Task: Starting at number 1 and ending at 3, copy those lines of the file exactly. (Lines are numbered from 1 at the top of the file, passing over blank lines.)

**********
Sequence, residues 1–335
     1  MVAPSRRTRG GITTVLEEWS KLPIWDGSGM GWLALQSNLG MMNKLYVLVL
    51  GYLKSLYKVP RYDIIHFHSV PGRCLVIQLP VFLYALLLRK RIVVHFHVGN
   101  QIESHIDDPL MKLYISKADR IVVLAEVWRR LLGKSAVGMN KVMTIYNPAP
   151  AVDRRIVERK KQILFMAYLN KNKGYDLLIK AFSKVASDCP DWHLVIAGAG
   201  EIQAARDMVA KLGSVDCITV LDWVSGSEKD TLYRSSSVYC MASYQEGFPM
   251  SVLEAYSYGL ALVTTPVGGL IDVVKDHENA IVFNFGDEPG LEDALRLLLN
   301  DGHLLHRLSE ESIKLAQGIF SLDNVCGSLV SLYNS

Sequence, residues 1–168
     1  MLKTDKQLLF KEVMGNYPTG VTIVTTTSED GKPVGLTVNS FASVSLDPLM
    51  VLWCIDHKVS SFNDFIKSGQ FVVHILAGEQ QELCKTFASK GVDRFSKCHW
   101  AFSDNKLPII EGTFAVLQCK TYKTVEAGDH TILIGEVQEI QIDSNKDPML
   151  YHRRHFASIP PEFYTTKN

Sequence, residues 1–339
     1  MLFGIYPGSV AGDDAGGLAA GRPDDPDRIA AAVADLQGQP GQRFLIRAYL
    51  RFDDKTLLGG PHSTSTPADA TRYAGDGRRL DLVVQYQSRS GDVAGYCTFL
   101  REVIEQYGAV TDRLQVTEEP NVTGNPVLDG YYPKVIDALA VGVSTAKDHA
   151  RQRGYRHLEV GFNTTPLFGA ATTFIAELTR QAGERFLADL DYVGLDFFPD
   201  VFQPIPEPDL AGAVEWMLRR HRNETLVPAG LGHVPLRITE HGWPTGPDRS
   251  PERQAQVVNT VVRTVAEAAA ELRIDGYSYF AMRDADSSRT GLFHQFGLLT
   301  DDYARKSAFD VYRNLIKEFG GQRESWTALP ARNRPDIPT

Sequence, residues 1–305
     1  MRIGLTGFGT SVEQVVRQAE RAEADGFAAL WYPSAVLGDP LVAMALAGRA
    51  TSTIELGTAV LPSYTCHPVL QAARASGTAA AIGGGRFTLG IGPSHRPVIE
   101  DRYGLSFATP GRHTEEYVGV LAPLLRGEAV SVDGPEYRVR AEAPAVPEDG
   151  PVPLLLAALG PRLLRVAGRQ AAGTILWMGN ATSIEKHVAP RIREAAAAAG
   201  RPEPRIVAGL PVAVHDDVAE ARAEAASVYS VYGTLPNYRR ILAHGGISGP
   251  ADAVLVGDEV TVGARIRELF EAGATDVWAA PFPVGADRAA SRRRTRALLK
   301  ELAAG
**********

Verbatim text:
Sequence, residues 1–335
     1  MVAPSRRTRG GITTVLEEWS KLPIWDGSGM GWLALQSNLG MMNKLYVLVL
    51  GYLKSLYKVP RYDIIHFHSV PGRCLVIQLP VFLYALLLRK RIVVHFHVGN